In the late 1960s, while attending the University of California at Davis, Christian Moueix fell in love with the Napa Valley and its wines. Son of Jean-Pierre Moueix, the famed wine merchant and producer from Libourne, France, Moueix returned home in 1970 to manage the family vineyards, including Chateaux Petrus, La Fleur-Petrus, Trotanoy in Pomerol and Magdelaine in Saint Emilion.

His love of Napa Valley lingered and in 1981, he discovered the historic Napanook vineyard, a 124-acre site west of Yountville that had been the source of fruit for some of the finest Napa Valley wines of the 1940s and 1950s. In 1982, Moueix entered into a partnership to develop the vineyard and, in 1995, became its sole owner. He chose the name 'Dominus' or 'Lord of the Estate' in Latin to underscore his longstanding commitment to stewardship of the land.

Horse Heaven Hills

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"Surely this is Horse Heaven!”

Its wide prairies and rolling expanses led an early pioneer to proclaim that the region looked like “horse heaven,” and as a result, the area was appropriately named. Horse Heaven Hills is in south central Washington state, geographically bound on its northern border by the Yakima River and in the south, by the larger Columbia River.

Its proximity to the Columbia River contributes to a variety of climactic factors that dramatically affect its grapes. In particular, an increase in wind from changes in pressure along the river, which flows from the cool and wet Pacific Ocean, inland to Washington’s hot and arid plains, creates 30% more wind than there would be otherwise. These winds moderate temperatures, which protect against mold and rot, reduce the risk of early and late season frosts, diminish canopy size and toughen grape skins.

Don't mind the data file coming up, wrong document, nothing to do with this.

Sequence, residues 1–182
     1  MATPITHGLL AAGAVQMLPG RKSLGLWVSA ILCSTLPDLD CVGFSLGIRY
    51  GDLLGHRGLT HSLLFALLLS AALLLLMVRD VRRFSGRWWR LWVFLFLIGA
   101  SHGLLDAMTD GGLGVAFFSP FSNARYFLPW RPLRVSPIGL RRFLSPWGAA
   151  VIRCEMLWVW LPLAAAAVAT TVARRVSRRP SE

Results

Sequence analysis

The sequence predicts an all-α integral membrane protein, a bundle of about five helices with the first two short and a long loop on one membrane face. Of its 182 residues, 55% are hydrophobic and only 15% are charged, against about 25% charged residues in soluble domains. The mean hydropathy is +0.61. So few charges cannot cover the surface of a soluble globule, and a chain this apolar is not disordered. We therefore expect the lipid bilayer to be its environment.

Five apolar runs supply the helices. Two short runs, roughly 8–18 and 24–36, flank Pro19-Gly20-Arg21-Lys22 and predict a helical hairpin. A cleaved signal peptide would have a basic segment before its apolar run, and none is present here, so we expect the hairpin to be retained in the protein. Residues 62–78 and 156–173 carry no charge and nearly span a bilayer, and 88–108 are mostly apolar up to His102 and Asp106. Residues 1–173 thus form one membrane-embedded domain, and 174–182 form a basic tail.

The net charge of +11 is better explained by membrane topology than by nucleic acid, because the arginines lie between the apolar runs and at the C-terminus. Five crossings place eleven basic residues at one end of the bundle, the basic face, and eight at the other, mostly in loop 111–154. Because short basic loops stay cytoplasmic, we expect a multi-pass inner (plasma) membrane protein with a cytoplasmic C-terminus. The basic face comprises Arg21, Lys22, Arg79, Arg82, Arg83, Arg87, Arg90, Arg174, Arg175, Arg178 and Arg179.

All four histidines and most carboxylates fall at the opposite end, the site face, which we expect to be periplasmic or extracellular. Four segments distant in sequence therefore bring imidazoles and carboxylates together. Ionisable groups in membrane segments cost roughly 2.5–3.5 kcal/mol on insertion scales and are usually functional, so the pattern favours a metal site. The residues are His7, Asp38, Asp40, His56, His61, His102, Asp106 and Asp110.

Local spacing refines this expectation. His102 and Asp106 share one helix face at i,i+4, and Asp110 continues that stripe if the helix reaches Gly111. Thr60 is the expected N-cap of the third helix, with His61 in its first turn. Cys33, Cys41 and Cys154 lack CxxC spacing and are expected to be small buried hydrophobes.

The vineyards bordering the river are on steep, south-facing, well-exposed slopes, with well-drained, sandy-loam soils. But the soils of the appellation are diverse throughout, ranging from wind-blown sand and loess, Missoula Flood sediment, and rocky basalt. Horse Heaven Hills has an arid continental climate with elevations ranging from 200 to 1,800 feet.